Tata Motors designing consumers' connect


Tata Motors takes design route to connect with consumers

  Tata Motors wants to make design the heart of its passenger vehicle business in the home market. Like Apple, which has redefined the way companies sell experiences, Tata Motors wants to connect with the consumers’ senses, not only sell them vehicles. The attempt has been happening for a while now in three design centres of the company — Pune, Italy and Coventry (UK). This is redefining the way the company thinks and connects with the millennials,  key target group for most consumer companies.

Designing consumer experiences is not restricted to showrooms these days, as the first point of connect is now the  internet. To engage with the consumers early on, a design team first approves prototypes of vehicles to be put out and also focuses on the apps and websites of the company where consumers will first view the car. Pratap Bose, head of design, says: “Every level at which the consumer experiences the car has to be done differently today. It is about the entire car experience, which is why dealerships should become experience centres.”

For its latest hatchback, the Tiago, the company has come up with a marketing pitch that would connect with ‘seven senses’ of the consumers — sight, sound, touch, smell, feel, taste and intuitiveness. A car purchase, being the second biggest for any family, needs to be made memorable.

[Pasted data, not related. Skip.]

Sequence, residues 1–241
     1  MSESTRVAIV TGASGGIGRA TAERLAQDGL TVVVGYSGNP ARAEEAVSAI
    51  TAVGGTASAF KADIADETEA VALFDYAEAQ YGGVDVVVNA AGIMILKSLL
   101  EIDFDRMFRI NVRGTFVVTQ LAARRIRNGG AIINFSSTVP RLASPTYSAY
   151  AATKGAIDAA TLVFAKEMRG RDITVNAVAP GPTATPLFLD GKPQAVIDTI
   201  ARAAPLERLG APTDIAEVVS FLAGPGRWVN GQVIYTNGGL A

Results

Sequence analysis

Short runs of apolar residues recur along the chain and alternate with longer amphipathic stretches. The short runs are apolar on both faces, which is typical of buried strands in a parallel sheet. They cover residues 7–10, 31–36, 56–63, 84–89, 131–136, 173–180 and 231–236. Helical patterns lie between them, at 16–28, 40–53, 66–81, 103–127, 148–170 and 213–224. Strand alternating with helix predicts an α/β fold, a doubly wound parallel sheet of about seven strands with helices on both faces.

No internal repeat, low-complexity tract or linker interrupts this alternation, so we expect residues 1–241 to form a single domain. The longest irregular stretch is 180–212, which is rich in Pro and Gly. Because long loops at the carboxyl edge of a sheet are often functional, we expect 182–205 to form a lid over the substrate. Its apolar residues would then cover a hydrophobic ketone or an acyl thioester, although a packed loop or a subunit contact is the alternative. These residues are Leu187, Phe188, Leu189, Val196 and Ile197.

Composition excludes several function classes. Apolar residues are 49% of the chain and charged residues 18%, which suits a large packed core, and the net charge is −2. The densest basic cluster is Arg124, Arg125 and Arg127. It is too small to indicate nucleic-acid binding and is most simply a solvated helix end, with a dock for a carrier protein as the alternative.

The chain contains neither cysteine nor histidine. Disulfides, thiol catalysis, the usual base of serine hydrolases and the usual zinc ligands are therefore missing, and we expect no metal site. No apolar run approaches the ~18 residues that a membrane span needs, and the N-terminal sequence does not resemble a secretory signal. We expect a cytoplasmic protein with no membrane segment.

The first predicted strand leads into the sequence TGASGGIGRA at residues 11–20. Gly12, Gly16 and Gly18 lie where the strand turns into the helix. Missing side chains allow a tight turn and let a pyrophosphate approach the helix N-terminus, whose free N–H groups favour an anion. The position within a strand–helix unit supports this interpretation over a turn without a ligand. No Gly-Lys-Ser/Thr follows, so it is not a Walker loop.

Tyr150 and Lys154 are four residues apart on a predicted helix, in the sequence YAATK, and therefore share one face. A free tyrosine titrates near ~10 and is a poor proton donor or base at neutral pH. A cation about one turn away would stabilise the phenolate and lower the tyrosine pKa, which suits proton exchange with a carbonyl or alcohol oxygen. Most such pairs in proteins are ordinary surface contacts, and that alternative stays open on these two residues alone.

For years, Tata Motors had outsourced design requirements to specialised companies in the UK and Italy but now has about 250 employees, including 40 designers, over its three centres. Not only is designing for India a big challenge, the sensibilities of consumers here are also different from rest of the world. India continues to be the “big small car” market, where consumers want the space and features of a spacious sedan but prefer compacts.

“Indian consumers do not want to compromise on space at all and in order to understand the minor irritants that consumers had, we brought in consumers early on into the design process,” Bose said.

So, what does the Indian consumers want from his/her car? Apart from a good looking front of the car, they are concerned about remaining connected while they are driving, which means better display screens on the entertainment instrumentation panel, more storage space for iPads, phones and cup holders. Tata Motors has done small things like bring the roof lamp from above the steering wheel to the centre of the car, as consumers wanted it that way.

The next to get transformed will be the dealerships which will become experience centres for consumers. And the car will be sold on what the needs of the consumers are and not basis the specifications. "For this we need to retrain people and change the way we approach consumers," adds Bose.